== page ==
SecurityScorecard joined U.S. cybersecurity leaders and the cybersecurity community at the 2022 RSA Conference in San Francisco, California from June 5-9. The RSA Conference is one of the world’s leading cybersecurity events, and SecurityScorecard was proud to join our community in-person at San Francisco’s Moscone Center.
This year’s multi-day event included industry and government leaders sharing the latest technologies and policy perspectives, including ransomware, supply chain security, and third-party risk management.
U.S. Cyber Leaders Speak
In an op-ed published before delivering keynote speeches during RSA, U.S. government leaders Jen Easterly, Director of the Cybersecurity and Infrastructure Security Agency (CISA), and Chris Inglis, the U.S. National Cyber Director, emphasized that the current cyber threat environment is dynamic and constant, requiring vigilance, and a normalization of the current “shields up” posture. To defend against cyber threat actors, continuous monitoring and “left-of-boom” cyber risk posture assessments are of incalculable value.
Rob Joyce and Morgan Adamski, senior leaders from the National Security Agency, told conference participants that building trust, decreasing cyber incident response times, and sharing open source threat information at speed will empower companies to defend against malicious cyber threat actors. This is particularly necessary, Joyce said in a conference panel, to combat malicious cyber actors leveraging ransomware attacks against critical infrastructure entities.
Themes and Insights
Aside from its booth on the expo floor, SecurityScorecard hosted a number of small-group roundtables, analyst meetings, and additional private interactions with thought leaders, CISOs, CIOs, government officials, and others to exchange ideas and collaborate. More than two dozen guests joined us over two days to discuss how to secure Federal, State, and Local cyber networks. Together with our distinguished attendees, we dived deeper into the current state and where swift improvements are needed.
The following themes emerged from these discussions:
Automation was a hot topic at RSA, both on the offensive and defensive side. Automated attacks are shrinking identification and response/mitigation times significantly, and as a result, companies are first establishing a zero-trust environment to limit the blast radius, and micro-segmenting their networks at scale (i.e., each device is its own network). Multiple government executives told us that too many of their processes remain manual and were actively looking for automated solutions.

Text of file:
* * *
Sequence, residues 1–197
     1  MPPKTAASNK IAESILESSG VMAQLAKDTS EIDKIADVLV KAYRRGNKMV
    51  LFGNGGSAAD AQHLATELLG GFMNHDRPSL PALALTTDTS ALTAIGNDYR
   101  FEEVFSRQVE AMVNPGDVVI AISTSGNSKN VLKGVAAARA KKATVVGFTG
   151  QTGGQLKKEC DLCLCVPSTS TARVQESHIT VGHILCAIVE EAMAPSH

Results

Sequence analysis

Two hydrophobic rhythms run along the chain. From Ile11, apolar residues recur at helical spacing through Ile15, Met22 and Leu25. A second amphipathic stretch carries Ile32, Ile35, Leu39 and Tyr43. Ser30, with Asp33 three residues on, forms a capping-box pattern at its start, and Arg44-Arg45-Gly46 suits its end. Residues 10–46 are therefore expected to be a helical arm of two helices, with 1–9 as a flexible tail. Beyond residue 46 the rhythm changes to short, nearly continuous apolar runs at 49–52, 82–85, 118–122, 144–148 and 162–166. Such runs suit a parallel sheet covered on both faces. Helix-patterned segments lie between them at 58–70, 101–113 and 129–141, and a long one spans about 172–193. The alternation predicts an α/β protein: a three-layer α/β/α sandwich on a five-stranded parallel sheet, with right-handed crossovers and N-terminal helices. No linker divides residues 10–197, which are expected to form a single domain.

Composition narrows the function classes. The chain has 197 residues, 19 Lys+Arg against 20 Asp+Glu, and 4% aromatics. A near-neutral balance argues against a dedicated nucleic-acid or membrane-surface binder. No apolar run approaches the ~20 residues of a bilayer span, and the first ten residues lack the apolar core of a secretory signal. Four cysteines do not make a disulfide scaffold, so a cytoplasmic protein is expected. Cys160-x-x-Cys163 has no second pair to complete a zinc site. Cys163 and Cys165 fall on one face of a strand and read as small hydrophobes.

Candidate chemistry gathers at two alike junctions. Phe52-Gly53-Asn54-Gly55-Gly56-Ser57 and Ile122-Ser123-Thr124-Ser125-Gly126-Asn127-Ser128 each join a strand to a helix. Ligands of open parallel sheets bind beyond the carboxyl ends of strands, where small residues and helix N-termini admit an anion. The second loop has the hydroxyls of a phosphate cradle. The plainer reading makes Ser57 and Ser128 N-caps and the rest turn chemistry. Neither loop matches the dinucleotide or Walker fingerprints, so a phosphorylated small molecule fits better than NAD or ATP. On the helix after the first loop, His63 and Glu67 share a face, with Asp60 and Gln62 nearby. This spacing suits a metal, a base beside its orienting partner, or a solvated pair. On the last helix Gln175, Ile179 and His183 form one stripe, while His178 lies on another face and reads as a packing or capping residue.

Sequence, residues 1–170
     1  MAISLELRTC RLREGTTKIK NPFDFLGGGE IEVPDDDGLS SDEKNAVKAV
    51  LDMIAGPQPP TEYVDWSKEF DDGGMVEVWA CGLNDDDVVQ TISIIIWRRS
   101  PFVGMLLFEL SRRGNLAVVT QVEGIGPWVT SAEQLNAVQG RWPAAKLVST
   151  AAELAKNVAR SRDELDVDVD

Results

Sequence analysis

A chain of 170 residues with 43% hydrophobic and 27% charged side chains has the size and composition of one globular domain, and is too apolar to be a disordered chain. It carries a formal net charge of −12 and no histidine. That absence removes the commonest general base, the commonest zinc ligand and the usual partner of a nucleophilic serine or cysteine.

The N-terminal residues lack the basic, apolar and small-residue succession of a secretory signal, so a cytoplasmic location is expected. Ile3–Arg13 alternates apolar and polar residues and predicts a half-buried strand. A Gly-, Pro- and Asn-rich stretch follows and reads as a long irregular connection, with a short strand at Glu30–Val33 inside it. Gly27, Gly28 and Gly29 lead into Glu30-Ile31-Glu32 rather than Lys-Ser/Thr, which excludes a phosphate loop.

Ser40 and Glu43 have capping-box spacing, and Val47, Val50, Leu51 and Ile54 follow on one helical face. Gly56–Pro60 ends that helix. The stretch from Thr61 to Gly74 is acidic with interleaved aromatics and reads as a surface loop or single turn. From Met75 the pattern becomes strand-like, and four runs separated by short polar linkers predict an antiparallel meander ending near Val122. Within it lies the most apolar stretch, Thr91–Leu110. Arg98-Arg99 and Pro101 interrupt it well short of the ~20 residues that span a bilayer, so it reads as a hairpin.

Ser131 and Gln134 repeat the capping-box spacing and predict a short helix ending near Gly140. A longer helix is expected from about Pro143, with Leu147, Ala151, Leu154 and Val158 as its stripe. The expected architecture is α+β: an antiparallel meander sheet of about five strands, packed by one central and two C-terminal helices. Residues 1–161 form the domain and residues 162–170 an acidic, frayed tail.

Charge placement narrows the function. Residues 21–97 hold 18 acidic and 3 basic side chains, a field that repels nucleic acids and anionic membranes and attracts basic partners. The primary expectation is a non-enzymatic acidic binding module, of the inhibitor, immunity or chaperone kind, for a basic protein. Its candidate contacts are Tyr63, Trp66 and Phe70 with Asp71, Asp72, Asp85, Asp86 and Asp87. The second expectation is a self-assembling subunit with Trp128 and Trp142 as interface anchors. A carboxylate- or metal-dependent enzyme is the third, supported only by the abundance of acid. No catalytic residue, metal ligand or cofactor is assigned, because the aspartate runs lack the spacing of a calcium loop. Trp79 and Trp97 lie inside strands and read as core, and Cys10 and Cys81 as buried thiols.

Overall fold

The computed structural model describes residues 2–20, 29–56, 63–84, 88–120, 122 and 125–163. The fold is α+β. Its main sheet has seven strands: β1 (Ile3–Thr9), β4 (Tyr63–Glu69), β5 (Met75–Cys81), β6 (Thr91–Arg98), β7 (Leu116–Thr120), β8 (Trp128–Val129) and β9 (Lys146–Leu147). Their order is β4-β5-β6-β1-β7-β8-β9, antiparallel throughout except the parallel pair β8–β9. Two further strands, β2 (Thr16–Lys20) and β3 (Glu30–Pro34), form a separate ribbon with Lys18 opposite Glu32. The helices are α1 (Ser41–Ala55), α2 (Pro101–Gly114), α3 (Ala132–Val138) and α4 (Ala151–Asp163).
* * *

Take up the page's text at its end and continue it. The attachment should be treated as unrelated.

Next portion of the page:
Less is more – How do you make the tech stack talk to each other? While cyber tools continue to proliferate, CISOs are looking for fewer tools, and better tools. To the extent CISOs can accomplish this, they want to see consolidation in the market and, where possible, have more integrations so that their security investments are enhanced and enriched, instead of being replaced. Most CISOs have not yet experienced budget decreases, but there is an added layer of caution and analysis as they assess new tools.
Ransomware remained a focus area as it has been throughout the pandemic. One commentator aptly remarked to us that it was like a kid’s soccer game: everyone is swarming the ball. Interestingly, several thought that business email compromise (e.g., phishing) will soon overtake ransomware in terms of dollar losses. Several companies reported text message phishing of their employees as leadership attended RSA.
Visibility was frequently mentioned: you cannot protect or defend what you cannot see. Adding to the challenge of visibility is cyber risk quantification. How can CISOs visualize and quantify their cyber risks, and how can CISOs better present and communicate cyber risks to their Board of Directors and/or related stakeholders (e.g., state governors)?
Metrics measuring internal and cloud security received particular attention among both public and private sector executives. Security ratings traditionally measure the outside-in security posture, but what about the internal network, including the cloud? These additional measurements help organizations better quantify their cyber risk, particularly if there is integration with existing security tools to identify and prioritize issues behind the firewall that have the greatest impact on security. Contextual threat intelligence that supports the broader picture helps organizations understand the who, what, and why behind cyber-attacks that help better inform metrics.
The demand for operational technology (OT) is through the roof. OT asset owners are focused on tools that are reliable and increase safety. For example, building management systems seek OT-related capabilities that will ensure oxygen/air is flowing and elevators are working.
Education and awareness on key cybersecurity issues remains disparate, particularly among pockets of state governments. For example, which metrics are the “right” ones?
The talent war remains front-of-mind, particularly for the public sector which is having difficulty competing with the private sector for limited cybersecurity talent. Public sector leaders we spoke to said their primary selling points were emphasizing the mission and civil service, but so many agencies in both the state and federal sectors still have too many open positions they are having difficulty filling.
We’re here to help — to make smart, economically justified business decisions to buy down cybersecurity risk, measure it in a real-time, dynamic way, and communicate cyber and supply chain risk to stakeholders, as part of your current technology stack, in an easy-to-visualize way.
Working together, SecurityScorecard and our partners can elevate cybersecurity risk management and leverage continuous monitoring and critical public-private partnerships to meet today’s cyber threat environment.
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